My own doctor is a nice person but I feel very uncomfortable in the local clinic and can’t see her at the hospital because I won’t EVER go back there. So, in practical terms, my prescriptions are cut-off anyway.

The only person available is the lung specialist.

At some point, you have to protect yourself from indifferent care.

We can’t see you

Thinking about the Virtually Connecting question “Why We Blog”… As a medical patient with major heart problems along with less threatening skin and colorectal cancers the sense that I exist as a person is simply not supported by the medical system. There is first, no continuity of care, no affirmation of how my life continues between appointments, none of the markers of “being here” that a living person normally accumulates and an apparent need by medical people for me to be polite, understanding of their stresses, and to never complain, act sick, or display the obvious lack of discipline the unappreciative patient is known for. And for God Sakes  leave off the talk of death, you didn’t die, (for very long anyway and that was at another hospital with different doctors and nurses and you came to to us almost gone, and really we saved you even though it wasn’t actually us and you know? Just shut-up).

Truth is, everything is mixed up and what I remember is not what they remember because “they” are always different (but of course also ALWAYS right:

Same family doctor and same clinic but because she, my doctor, (two individuals over eight years) is “my” doctor, other doctors in the clinic (who also exclusively staff the local hospital) will not contact her(s) if I turn up tragic and needy. What she knows about me is almost proprietary and that’s how the dying thing and the months of misery and two heart attacks came to be.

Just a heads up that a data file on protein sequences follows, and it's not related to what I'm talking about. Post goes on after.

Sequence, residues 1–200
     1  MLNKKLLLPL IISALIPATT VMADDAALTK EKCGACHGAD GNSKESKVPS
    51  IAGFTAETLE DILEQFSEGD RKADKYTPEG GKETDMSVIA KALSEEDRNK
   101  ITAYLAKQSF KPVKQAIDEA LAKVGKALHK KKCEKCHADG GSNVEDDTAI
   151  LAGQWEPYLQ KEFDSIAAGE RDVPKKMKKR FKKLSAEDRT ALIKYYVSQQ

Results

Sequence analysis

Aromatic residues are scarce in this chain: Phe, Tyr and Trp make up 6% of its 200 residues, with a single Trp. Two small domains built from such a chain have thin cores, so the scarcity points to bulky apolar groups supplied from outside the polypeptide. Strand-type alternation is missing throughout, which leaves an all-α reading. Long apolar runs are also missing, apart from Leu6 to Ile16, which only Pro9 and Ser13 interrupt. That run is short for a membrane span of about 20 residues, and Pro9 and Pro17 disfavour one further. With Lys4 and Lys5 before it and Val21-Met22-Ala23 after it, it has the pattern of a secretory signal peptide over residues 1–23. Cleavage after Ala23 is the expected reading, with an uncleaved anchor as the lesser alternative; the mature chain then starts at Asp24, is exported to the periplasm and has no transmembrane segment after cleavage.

Continuity as in vacation and maternity leaves mean my file goes into limbo. Follow-ups, exams, tests, monitoring and even receptionists simply STOP. Chronic but unknown, the channels are closed, the care is away, gone. The patient abandoned, without history needs a crisis to get attention and then in-crisis must clearly represent themselves or endure the entire process of diagnosis again. Or miss-diagnosis again and again.

Time to stop. I blog to keep from disappearing.

My History

On Friday we drove the 3 hours to Edmonton for a dermatological exam of my left temple where my family doctor (FD) had removed a large mole about a month ago. Biopsy came back as skin cancer and the idea was remove more tissue to be sure it hadn’t spread. My understanding was the procedure would be done that day and included an exam for other spots my FD has no time to look at.

Unfortunately, this dermatologist had a clinic to run, intended to operate later and was gracious enough to freeze a bump on the end of my nose that appeared suddenly a few weeks ago. And then he was gone. At the front desk I was told to await an appointment convenient to their schedule. AKA “you do a six hour drive for ten minutes of my time and then do it again for this simple operation which will be booked in the AM so next time will also include an overnight hotel stay.” No consideration for the patient? You bet.